Once upon a time, we humans collectively experienced a kind of trauma that changed all of us forever– a kind of ancient climate trauma that possibly created the conditions for a mind-virus that has been preying on us for thousands of years.
Sounds like the start of a sci-fi movie, I know.
(You don’t have to take my word for it; there are solid reasons to take this idea seriously in the work of the authors below.)
I painted this long piece (a sketchbook spread) as a way to express the experience of rushing the body to do things it can’t or isn’t ready to do, the feeling of threat or unsafety that comes with ongoing, unpredictable and insidious assaults on the body, mind and heart. When there is no grace to just be human, just be animal, when there’s a feeling of invasion of other people’s thoughts and feelings… and the way to instinctively protect the life force, is clenching, armoring, compacting, compressing; turning the common sense of contact and humanity into a black and white, harsh and cruel environment.
Tending to the scars and the ongoing energies that my body carries, passed on from that original, thousands of years old collective trauma, through time, all the way to my parents, my family and my immediate environment of school, work, and friends. It replicated and mutated with lovers and partners: all of us having absorbed, and simultaneously trying to keep at bay, the effects of the virus that disconnects us from life, exploits the body, exploits time, and dismisses the humming vibrancy of connection and beauty as superfluous, decorative or simply non-existent.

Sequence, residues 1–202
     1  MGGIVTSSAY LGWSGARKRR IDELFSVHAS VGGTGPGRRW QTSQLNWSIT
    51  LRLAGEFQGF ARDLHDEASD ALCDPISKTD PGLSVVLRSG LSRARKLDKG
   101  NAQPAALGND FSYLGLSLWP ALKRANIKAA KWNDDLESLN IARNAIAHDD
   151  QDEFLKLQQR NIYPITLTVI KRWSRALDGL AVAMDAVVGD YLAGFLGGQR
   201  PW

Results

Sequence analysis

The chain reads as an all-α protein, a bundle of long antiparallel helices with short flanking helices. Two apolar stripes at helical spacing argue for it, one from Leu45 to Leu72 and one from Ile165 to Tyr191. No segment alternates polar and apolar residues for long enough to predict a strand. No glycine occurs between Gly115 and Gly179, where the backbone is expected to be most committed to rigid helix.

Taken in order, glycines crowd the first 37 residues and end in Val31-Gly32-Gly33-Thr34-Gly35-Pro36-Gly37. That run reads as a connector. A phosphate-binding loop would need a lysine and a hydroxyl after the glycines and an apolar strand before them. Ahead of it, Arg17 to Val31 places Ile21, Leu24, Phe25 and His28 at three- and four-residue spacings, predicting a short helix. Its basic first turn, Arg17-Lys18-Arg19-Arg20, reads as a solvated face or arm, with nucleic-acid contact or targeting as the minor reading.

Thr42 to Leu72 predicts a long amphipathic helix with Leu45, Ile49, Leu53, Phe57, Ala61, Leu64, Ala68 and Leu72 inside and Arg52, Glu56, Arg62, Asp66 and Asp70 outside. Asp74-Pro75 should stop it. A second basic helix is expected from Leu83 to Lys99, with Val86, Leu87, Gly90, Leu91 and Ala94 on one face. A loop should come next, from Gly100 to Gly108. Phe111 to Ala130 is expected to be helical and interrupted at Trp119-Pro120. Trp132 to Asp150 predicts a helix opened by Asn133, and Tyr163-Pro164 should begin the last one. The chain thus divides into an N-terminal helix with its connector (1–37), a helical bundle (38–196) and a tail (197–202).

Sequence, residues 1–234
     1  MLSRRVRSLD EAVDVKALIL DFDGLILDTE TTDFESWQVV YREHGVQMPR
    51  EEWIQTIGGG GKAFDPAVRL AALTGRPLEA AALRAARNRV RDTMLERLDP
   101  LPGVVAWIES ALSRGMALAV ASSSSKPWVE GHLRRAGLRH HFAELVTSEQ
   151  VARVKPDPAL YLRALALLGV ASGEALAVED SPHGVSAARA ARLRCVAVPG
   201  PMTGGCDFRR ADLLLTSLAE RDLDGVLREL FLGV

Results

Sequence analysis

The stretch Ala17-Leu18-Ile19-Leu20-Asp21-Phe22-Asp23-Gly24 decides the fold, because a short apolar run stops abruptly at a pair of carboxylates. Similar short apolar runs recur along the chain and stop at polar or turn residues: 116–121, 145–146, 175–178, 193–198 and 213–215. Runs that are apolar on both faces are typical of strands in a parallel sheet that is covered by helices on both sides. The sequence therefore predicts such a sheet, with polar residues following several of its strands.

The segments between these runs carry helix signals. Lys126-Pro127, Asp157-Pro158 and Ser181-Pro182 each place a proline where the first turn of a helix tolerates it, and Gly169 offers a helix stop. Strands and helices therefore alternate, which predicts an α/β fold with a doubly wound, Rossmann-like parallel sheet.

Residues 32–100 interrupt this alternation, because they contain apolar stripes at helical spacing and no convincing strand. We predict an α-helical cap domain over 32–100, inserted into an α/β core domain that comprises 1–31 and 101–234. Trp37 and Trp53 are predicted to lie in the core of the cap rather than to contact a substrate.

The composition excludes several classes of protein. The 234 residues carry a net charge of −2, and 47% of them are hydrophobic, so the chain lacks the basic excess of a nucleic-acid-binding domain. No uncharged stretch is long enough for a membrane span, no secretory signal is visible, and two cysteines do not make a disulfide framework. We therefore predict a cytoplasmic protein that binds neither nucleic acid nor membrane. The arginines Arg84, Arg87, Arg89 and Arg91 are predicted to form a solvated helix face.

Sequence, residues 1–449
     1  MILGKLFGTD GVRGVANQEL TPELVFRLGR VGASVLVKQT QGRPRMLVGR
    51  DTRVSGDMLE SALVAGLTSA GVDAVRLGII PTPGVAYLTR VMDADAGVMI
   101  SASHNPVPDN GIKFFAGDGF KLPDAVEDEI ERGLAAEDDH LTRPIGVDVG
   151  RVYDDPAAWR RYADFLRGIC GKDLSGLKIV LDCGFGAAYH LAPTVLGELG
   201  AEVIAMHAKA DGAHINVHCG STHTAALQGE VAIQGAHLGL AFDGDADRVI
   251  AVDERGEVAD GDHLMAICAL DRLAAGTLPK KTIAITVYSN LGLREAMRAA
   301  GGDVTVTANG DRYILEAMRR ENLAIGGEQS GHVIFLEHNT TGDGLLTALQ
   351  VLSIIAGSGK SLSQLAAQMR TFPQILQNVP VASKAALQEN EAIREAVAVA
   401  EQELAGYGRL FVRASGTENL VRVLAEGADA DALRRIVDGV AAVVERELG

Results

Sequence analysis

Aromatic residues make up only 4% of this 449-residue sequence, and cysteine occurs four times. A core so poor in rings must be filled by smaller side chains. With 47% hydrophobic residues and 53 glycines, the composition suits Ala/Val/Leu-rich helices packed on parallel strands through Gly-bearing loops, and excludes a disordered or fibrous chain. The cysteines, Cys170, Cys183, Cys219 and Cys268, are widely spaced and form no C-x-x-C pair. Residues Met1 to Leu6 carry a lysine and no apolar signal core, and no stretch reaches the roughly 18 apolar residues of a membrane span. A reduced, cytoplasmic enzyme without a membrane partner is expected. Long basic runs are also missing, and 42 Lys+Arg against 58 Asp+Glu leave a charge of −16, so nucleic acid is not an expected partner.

My friend Jennifer Harvey Sallin and I often explore similar healing processes at the same time, and today as she shared hers with me, it seemed (as it often does) like two puzzle pieces coming together, like two parts of the same sentence: so I’m sharing her tender artwork next to mine. I am grateful for the signals of pain today, here’s to tending to the pain.
If you want to learn more about the mind-virus I mentioned above, read Seeing Wetiko: On Capitalism, Mind Viruses, and Antidotes for a World in Transition, by By Alnoor Ladha & Martin Kirk, and join me at I Heart Earth where we’ll be delving deeper into Wetiko this month
Other recommended reading on this subject:
The Fall by Steven Taylor Saharasia by James DeMeo Columbus and Other Cannibals by Jack D. Forbes